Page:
Fifty years ago, one of the most important and heartrending jazz albums ever made was unleashed on the world. In February 1965, John Coltrane’s “A Love Supreme” was released, giving him his biggest commercial success just two years before his death in July 1967.
It is a magical piece of work, incredibly moving and impactful, displaying the many skills that made “Trane” probably the most celebrated saxophone player ever. While he had moved in previous years into the abstract sound that had come to be known as “free jazz,” a moody, atonal style that paid no attention to melody and gave the audience few hooks, “A Love Supreme” featured Coltrane’s return to a more-audience friendly approach—but still with some of the experimental elements that made him such a legend among many fellow musicians.
Coltrane struggled many years with a drug addiction, as did many of his fellow practitioners of bebop. And in fact it was his near overdose in 1957 to moved him into a period of deep spirituality and a closeness with God. It is this relationship that he explores and celebrates on “A Love Supreme.” The recording consists of four movements, with Coltrane actually chanting the words “A Love Supreme” in the first movement, signifying his love for God. In the sublime fourth movement, Coltrane plays the words of a religious poem that he included in the album’s liner notes. You can listen to him play along with the poem here on a YouTube recording.
The recording, made with bandmates that came to be known as the Classic Quartet—pianist McCoy Tyner, bassist Jimmy Garrison, and drummer Elvin Jones—was done in just one session on December 9, 1964 at the Van Gelder Studio in Englewood Cliffs,New Jersey, with engineer Rudy Van Gelder, for the Impulse! label.
While Coltrane records typically sold about 30,000 units, “A Love Supreme” had sold about 500,000 copies by 1970, which were big numbers for a jazz album. Amazingly, his quartet only played “A Love Supreme” one time to a live audience, on July 26, 1965, in a performance at the Festival Mondial du Jazz Antibes, in Juan-les-Pins, France. That recording was remastered and released in a 2002 two-CD set by Impulse!, along with the original album and additional studio outtakes.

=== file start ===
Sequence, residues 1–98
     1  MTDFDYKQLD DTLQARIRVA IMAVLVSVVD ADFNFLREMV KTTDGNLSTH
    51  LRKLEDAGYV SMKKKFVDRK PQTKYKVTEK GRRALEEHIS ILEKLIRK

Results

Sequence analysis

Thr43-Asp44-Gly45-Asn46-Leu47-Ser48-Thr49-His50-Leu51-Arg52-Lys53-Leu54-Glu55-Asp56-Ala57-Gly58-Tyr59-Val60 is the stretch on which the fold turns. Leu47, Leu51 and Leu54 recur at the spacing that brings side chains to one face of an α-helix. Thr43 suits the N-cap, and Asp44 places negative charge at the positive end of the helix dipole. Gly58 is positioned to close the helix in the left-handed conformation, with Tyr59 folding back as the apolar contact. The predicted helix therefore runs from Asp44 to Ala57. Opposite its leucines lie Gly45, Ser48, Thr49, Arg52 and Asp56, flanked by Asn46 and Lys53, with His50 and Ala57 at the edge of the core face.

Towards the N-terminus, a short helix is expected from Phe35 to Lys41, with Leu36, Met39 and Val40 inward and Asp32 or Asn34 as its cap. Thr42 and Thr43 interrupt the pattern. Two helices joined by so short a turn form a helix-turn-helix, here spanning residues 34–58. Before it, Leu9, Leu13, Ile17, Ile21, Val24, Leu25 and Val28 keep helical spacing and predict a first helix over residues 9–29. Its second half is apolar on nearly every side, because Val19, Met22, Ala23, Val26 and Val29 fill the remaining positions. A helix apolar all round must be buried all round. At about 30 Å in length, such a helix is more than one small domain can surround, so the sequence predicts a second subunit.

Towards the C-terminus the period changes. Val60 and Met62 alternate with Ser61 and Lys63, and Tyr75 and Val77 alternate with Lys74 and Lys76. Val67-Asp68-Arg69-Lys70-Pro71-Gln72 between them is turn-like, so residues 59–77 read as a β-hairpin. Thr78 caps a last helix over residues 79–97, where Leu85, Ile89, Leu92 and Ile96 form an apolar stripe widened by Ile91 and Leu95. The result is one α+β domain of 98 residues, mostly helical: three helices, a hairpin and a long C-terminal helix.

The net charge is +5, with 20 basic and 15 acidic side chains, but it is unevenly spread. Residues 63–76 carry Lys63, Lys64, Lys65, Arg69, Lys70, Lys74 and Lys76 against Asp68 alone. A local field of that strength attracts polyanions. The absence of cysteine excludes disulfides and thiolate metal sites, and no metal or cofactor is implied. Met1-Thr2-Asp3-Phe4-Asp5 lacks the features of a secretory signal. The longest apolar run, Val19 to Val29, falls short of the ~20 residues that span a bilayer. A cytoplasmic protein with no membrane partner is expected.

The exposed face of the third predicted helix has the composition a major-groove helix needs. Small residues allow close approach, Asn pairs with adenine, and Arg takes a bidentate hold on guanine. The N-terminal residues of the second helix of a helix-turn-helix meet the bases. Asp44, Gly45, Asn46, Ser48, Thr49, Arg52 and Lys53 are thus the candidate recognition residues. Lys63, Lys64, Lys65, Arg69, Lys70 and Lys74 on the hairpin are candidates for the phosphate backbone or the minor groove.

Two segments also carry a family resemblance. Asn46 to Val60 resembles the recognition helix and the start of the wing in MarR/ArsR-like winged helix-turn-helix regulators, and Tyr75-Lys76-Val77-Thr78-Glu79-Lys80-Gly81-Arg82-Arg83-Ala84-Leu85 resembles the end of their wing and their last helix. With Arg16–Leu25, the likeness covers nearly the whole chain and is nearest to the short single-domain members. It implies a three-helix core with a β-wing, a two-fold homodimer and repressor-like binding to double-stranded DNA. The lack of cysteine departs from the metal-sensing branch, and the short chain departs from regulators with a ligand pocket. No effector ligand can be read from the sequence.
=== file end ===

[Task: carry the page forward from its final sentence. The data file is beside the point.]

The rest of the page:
Coltrane’s amazing technical prowess is exhibited throughout “A Love Supreme,” his speed, dexterity, ability to make his horn cry out in long, mournful wails. He practiced constantly, as many as 12 hours a day by some estimates. The result was dubbed “sheets of sound” by jazz critic Ira Gitler, the mindblowing layers that Coltrane could build on top of one another, sounding like many more players.
By 1967 he was gone, dying of liver cancer at the age of 40, his body rebelling against the abuse to which he had subjected it over his short life.
But 50 years after it was created, “A Love Supreme” still sounds as fresh, inventive and magical as the day it was laid down in that New Jersey studio. Such is the power and beauty of music—the ability it gives an artist to communicate directly with an audience, a half century after he was taken away.
Many jazz experts say that “A Love Supreme” was the last great jazz recording, made just before the art form breathed its final breath as a dominant player on the American musical scene. Rock was about to overwhelm it, to electrify a generation of young people who considered jazz their parents’ music. But with “A Love Supreme” we can jump back to 1965, to hear a genius blow a masterpiece into his instrument.
Thank you, Trane.